In futures, one not only trades a market but enters into a specific contract. Each contract tends to have a distinctive seasonal pattern due to peculiarities related to that contract's expiration date, such as delivery expectations, cash considerations, and designation as old or new crop.
These relevant considerations may distinguish the typical behavior of one contract versus another. For instance, one contract more than another may often hold greater potential from the long side, may typically begin its seasonal rise earlier or sustain it longer, or normally be subject to more hedging pressure.
Of course, market behavior does not always coincide with its seasonal pattern; markets are dynamic, patterns an evolutionary composite. Macro-economic forces ensure bull and bear trends, which may offer the greatest trading opportunities but which exhibit behavior diametrically opposed one to the other. Therefore, dissecting seasonal behavior into two even more distinct patterns, one bullish and one bearish, provides yet another perspective from which to discover emerging trends and to understand what behavior to anticipate --- and when.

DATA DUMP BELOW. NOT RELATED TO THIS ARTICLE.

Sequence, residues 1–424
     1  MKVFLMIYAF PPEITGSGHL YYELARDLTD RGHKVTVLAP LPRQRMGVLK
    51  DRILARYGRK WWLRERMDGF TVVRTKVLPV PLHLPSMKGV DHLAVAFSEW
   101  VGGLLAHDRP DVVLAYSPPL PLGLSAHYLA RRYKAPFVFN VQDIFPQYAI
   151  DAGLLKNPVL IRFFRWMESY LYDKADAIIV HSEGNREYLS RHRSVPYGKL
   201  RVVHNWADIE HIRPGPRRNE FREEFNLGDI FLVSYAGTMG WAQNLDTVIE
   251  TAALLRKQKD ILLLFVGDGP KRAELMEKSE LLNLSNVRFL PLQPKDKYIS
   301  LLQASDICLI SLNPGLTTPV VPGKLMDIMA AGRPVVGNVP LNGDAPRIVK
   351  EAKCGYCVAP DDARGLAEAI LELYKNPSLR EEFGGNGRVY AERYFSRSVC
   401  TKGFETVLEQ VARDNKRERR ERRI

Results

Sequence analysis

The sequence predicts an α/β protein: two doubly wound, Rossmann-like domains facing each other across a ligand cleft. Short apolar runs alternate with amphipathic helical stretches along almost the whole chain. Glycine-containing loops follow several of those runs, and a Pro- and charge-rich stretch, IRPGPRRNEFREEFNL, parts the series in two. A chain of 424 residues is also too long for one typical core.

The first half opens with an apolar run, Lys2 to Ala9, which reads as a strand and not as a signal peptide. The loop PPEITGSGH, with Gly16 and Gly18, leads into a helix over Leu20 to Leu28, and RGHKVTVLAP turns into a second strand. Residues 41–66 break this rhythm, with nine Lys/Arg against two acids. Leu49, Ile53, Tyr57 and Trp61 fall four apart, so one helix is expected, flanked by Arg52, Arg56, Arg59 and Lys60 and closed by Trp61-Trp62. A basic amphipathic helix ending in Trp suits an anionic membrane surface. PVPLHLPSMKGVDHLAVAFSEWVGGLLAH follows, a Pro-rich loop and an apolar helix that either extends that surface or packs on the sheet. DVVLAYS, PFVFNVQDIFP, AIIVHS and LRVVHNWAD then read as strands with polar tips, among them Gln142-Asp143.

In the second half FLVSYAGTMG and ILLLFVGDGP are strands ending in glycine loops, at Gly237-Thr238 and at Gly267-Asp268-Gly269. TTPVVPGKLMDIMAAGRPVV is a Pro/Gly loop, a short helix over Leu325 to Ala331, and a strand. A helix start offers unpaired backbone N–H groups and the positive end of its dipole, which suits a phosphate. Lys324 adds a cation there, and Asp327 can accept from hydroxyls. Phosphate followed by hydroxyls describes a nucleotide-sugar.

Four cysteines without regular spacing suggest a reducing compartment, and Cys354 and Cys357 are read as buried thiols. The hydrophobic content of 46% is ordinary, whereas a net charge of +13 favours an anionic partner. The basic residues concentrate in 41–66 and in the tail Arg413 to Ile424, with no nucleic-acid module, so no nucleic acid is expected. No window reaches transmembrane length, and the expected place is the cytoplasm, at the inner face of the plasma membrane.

Further behavioral study can examine both bullish and bearish market patterns. To be included in either composite, a contract year must meet a strict mathematical definition: Using linear regression the absolute value of the slope of the line best describing its closing-price scatterplot must exceed a predetermined level. Years with a neutral bias are reflected in a third series, the purpose being to isolate bullish and bearish patterns of behavior. The nature of these patterns themselves may then be further examined for such things as specific time periods critical to a breakout or trend definition. The goal of Bull/Bear patterns are to provide potential insight into when bull years may be strongest and bear years may be weakest, Additionally, potential periods where bull years are weak, or bear years are strong may also come to light.
The Seasonal Pattern Charts